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FDNY in Black and White

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Last summer Mayor Michael Bloomberg swore in a new class of New York City police recruits. Among the 274 new officers, 58 percent were minority. The city proudly noted that the class "consists of recruits who were born in 22 countries."

But in a city that is half minority, only about 10 percent of New York firefighters are despite recent efforts to increase their numbers. Only 3.4 percent are black. This week that particular statistic came back and bit the city, in the form of a ruling by a federal judge that the Fire Department's hiring practices constituted "a pattern, practice and policy of intentional discrimination..." that was a "stain on the Fire Department's record."

The ruling seems to depict a city from another era, whose officials ignored calls for change and intentionally conspired to keep the Fire Department white. How could this be? How could a city where the police department has made major, and successful, efforts to recruit black officers, countenance a fire department that seemed to be going in the opposite direction?

I don't know whether the ruling will stand, but I can offer one explanation that does not require the public to believe that the leaders of the city of New York are closet racists.

It's the insular culture of the Fire Department.

We think of the fire and police services as more or less the same - the Finest and the Bravest, both risking their lives to keep us safe. But their lives are very different thing. The firefighter's job is much less varied and far less solitary than the cop's.

Firefighters live as a family, eating and sleeping and risking their lives together in a unit. It creates a sense of solidarity that is passed down from father to son. Insular, proud, and extremely hard to manage from the outside.

To see the grandeur and the problems of the fire culture, just look at September 11. The men who rushed into the towers, heedless of their own safety, were following the department creed. After they died, their firefighter fathers and brothers and friends also raced to the World Trade Center site to search for their bodies. They ignored all safety protocols in their drive to reclaim their lost men. For too long, the city deferred to their grief and near irrationality. When safety rules were finally imposed, the firefighters nearly rioted in anger, they were so desperate to go back to proving their bond with their comrades by risking their lives breathing toxic air and digging in unstable piles of rubble for their comrades.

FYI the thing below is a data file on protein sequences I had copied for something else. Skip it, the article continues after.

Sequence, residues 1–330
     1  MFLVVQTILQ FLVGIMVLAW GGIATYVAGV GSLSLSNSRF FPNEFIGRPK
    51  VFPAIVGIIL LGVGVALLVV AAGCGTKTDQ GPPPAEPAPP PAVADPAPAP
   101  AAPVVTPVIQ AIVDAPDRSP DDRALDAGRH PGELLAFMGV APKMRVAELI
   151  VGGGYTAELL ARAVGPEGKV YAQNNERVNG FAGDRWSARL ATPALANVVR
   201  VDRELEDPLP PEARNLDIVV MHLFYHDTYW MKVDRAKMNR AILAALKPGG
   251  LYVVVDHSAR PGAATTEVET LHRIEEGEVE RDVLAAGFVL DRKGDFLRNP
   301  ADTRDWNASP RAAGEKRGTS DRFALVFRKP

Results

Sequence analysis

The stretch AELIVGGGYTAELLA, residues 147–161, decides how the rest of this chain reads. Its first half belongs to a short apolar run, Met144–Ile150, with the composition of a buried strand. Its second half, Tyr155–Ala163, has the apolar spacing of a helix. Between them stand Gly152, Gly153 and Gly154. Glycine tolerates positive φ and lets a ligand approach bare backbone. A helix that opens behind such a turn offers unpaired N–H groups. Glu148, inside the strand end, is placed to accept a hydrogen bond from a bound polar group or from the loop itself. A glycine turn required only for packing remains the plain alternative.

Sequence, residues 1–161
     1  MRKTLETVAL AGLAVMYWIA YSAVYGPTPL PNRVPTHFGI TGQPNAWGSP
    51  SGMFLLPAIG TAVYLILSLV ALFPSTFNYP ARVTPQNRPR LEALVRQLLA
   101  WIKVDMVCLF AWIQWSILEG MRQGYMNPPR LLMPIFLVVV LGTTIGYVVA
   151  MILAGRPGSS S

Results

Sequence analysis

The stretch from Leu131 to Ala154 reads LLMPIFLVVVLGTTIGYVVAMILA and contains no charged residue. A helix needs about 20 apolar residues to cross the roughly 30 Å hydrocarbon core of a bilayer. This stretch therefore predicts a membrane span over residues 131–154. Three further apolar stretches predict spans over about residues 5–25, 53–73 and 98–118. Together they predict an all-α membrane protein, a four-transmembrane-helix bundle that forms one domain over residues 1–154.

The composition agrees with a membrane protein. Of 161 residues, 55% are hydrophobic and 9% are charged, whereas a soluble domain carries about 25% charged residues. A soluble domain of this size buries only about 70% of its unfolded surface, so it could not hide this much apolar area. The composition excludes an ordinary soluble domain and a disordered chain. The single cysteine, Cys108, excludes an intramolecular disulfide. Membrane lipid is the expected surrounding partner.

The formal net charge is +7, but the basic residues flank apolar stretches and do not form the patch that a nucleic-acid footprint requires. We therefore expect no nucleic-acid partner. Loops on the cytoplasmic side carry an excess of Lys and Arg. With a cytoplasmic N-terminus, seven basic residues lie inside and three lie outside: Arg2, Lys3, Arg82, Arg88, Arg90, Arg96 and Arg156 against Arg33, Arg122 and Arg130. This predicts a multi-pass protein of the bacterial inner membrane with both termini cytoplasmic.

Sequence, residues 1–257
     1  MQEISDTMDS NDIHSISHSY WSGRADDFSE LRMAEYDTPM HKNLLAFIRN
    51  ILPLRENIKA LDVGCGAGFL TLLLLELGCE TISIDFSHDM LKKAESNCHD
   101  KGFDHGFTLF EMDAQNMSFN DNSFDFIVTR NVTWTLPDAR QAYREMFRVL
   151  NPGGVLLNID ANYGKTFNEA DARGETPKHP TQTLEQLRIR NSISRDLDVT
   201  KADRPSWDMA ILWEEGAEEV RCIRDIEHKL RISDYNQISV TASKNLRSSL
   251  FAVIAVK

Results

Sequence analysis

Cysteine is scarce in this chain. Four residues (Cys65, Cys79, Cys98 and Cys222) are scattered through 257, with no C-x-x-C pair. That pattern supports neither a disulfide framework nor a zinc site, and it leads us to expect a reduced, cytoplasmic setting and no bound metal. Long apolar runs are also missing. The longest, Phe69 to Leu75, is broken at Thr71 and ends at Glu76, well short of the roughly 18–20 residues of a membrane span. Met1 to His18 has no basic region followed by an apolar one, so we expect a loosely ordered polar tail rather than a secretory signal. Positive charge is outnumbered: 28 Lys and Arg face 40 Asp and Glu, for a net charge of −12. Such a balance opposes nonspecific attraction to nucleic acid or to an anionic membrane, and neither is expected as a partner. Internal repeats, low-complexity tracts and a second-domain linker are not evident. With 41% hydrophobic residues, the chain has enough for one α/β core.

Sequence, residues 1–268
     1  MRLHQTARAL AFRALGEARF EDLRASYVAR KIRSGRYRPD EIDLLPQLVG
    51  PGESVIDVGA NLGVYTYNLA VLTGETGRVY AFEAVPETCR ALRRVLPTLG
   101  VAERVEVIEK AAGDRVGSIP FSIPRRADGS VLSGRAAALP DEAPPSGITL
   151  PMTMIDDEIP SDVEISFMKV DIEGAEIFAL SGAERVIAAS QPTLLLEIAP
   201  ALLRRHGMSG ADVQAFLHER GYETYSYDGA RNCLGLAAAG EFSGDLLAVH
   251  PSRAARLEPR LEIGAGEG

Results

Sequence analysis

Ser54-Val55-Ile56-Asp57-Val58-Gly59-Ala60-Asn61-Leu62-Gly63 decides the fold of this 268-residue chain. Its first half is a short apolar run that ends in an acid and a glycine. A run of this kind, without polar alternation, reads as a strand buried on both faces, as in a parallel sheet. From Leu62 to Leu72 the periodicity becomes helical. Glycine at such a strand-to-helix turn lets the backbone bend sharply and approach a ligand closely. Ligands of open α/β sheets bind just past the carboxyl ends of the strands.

If the goal of the Fire Department is just to put out fires, the easiest way to manage it is to let it alone. Over and over again, mayors of the city of New York have tried to impose some 20th, then 21st, century organizational structure and come to grief. Rudy Giuliani, for all his boasts of toughness, could never get the firefighters to work with the police department.

Michael Bloomberg had precious little luck in closing down fire houses, even though there were too many of them in the wrong places for the most efficient deployment.

The Fire Department is a world of fathers and sons who want to pass their traditions down the family tree. You do not have to be a racist to want your own white son or grandson to join your fraternity, even if it means putting someone else's black son on hold.

The tests helped to accomplish that goal. Don't think they were designed to exclude blacks. But once it turned out that was the outcome, it would certainly have been possible to design a different test that creates a more diverse pool of candidates.

But to get there, the city would have had to mess with the Fire Department, and who wants to? They're heroes. They like things the way they are. That's true of everything from the location of the fire houses to the way the tests are written.

The city says it will appeal the ruling, and it is hard to predict how things will work out. This is not the most favorable time in the world to bring a fire department discrimination suit. Anyone who followed Sonia Sotomayor's elevation to the Supreme Court remembers the suit by white firefighters in New Haven, who won a 5-4 victory in the Supreme Court that revolved around a test for promotion.

If you are a lawyer, I welcome your opinion on the legality of the whole thing. But looking at the situation practically and politically, it is crazy to have a city in which one of the major public safety services is virtually all white while the city is more than a quarter black.